A small collection of correspondence and other material of Robert Neal Rudmose Brown, Professor of Geography at Sheffield University, relating to his writings on and interest in Polar exploration in the period 1922-1937
Rudmose Brown Collection
Scope and Content
Administrative / Biographical History
The collection consists of letters, together with some ephemera, formerly in the possession of R. N. Rudmose Brown. The letters are mainly written to Rudmose Brown by others, including fellow Polar scientists and explorers, about his books on Polar exploration: A Naturalist at the Poles: the Life, Work & Voyages of Dr. W.S. Bruce the Polar Explorer (1923), and The Polar Regions (1927), and related matters, though one letter by himself - to the Polar explorer Fridtjof Nansen whom he invited to write a foreword for his life of Bruce - together with the reply by Nansen, declining the invitation - is also in the collection.
Robert Neal Rudmose Brown (1879-1957), Professor of Geography at the University of Sheffield from 1931 to 1945, and an authority on Polar studies, was born in London, 13th September 1879, and educated at Dulwich College, Aberdeen University and Montpellier University. He took pride in his Aberdonian and Scandinavian parentage, 'Rudmose' being his mother's maiden name. His university training was in biology at Aberdeen (1896-1900), folowing which he found a post as assistant to the Professor of Botany at University College, Dundee, Patrick Geddes, from 1900-1902. However, in 1902 he sailed as naturalist on board the converted Norwegian whaler 'Scotia' with the Scottish National Antarctic Expedition (1902-4), led by William Speirs Bruce, which surveyed in extreme conditions the unexplored Antarctic seas, for which work he was awarded the medal of the Royal Scottish Geographical Society. An account of this expedition, The Voyage of the Scotia, was written by three members of the expedition, including Rudmose Brown, and published in 1906. In 1904 he was appointed assistant at Bruce's Scottish Oceanographical Laboratory in Edinburgh, and in 1906 visited Burma to report to the Indian Government on the pearl oyster fisheries of the Mergui Archipelago. In 1907 he was elected Vice-President of the International Polar Congress; in 1909 he was awarded a doctorate by Aberdeen University.
In 1908 he was appointed the first head of the new Department of Geography at Sheffield University, which he served for 37 years, in 1924 establishing there an Honours course in Geography, retiring in 1945 as Emeritus Professor.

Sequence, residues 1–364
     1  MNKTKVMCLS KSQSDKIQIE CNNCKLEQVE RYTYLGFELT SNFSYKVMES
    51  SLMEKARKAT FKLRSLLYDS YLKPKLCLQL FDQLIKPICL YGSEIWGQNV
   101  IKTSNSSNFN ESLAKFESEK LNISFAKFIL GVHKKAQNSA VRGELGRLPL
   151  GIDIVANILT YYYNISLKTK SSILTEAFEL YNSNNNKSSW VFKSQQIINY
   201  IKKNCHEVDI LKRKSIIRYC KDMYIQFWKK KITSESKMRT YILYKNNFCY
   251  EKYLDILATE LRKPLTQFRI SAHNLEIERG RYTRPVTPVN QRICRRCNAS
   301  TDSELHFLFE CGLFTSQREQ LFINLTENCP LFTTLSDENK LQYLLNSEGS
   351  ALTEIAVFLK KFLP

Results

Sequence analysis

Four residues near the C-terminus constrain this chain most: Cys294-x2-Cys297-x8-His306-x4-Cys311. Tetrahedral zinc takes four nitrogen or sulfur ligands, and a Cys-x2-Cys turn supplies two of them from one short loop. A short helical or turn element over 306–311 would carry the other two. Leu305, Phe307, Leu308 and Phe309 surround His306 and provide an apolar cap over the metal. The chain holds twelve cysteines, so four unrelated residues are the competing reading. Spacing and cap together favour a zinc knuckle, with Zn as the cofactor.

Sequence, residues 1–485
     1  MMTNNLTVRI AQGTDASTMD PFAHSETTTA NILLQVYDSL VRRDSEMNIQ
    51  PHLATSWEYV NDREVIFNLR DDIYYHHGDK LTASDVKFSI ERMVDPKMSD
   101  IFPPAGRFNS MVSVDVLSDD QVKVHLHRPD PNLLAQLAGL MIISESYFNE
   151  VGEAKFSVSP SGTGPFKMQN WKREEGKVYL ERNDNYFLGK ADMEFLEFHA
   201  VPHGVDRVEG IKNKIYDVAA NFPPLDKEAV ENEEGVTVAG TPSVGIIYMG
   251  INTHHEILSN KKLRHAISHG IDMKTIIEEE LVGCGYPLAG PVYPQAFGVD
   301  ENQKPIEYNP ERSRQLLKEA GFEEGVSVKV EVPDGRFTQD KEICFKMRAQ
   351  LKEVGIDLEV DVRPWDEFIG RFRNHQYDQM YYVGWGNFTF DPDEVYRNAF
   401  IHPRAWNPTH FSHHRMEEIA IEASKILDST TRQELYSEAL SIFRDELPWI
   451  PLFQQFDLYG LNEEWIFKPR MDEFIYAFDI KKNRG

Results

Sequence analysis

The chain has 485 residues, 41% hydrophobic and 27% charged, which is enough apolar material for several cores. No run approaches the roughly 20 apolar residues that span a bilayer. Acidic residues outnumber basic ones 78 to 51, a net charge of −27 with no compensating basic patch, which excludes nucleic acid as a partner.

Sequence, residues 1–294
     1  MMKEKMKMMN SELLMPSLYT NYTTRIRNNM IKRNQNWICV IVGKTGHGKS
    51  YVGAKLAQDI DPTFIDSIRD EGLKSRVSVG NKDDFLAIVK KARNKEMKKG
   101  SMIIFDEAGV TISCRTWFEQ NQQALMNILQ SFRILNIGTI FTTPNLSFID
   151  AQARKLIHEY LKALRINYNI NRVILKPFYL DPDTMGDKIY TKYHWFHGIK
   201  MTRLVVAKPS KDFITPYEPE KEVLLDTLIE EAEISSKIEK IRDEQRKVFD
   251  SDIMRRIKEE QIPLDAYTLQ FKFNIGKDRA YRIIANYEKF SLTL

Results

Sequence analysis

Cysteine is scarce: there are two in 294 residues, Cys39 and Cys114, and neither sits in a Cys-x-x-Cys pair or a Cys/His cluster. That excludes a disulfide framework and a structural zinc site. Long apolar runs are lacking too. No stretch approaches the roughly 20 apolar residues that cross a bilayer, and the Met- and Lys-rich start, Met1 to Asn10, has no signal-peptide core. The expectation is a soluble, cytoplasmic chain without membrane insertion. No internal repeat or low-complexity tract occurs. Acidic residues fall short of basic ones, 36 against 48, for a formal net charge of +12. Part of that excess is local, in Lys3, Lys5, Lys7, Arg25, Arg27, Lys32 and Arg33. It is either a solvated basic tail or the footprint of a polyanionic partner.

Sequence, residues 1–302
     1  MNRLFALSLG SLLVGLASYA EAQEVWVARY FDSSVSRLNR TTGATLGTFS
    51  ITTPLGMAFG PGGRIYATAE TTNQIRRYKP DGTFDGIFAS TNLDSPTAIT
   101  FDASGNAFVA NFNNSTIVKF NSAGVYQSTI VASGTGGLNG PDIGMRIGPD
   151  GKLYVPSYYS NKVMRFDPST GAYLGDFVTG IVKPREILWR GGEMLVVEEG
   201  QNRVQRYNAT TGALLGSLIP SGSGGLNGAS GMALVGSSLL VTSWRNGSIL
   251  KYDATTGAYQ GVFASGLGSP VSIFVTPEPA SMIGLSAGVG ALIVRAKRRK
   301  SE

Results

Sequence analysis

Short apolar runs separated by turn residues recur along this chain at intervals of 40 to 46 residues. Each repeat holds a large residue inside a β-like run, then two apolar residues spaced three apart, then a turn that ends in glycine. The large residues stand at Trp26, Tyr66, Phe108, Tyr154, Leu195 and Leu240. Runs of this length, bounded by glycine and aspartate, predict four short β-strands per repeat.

During his time at Sheffield he was involved in many other activities. In 1909 he served as surveyor and naturalist on Bruce's Scottish Arctic expedition to Spitsbergen, making other visits to the area in later years, and received in 1919 the Cuthbert Peek Grant of the Royal Geographical Society for this work. During the First World War he was seconded to the Admiralty Intelligence Division, some of this work continuing during the Second World War, for which service he was awarded the Insignia of the Commander of the Order of St. Olav by King Haakon of Norway. Having been in 1932 elected President of the Antarctic Club, he was elected in 1949 President of the Arctic Club.
Rudmose Brown published many books and papers on Polar geography, though his textbook on Economic Geography, published in 1923, also became a standard reference work. His scholarship brought him wide academic recognition: President of Section E of the British Association for the Advancement of Science in 1927, a member of its Council 1933-1938; President of the Institute of British Geographers 1938 and 1939; member of the Council of the Royal Geographical Society 1925-1928 and 1945-1946.
He died in Sheffield on the 27th of January 1957.
[Notes based on the obituary by A. Garnett, University of Sheffield Gazette, No. 28, March 1957, and appreciation by T.W. Freeman, Geographers Bibliographical Studies, Vol. 8, 1984]
Available to all researchers, by appointment
Donated by Professor J.A. Lee
Description prepared by Lawrence Aspden
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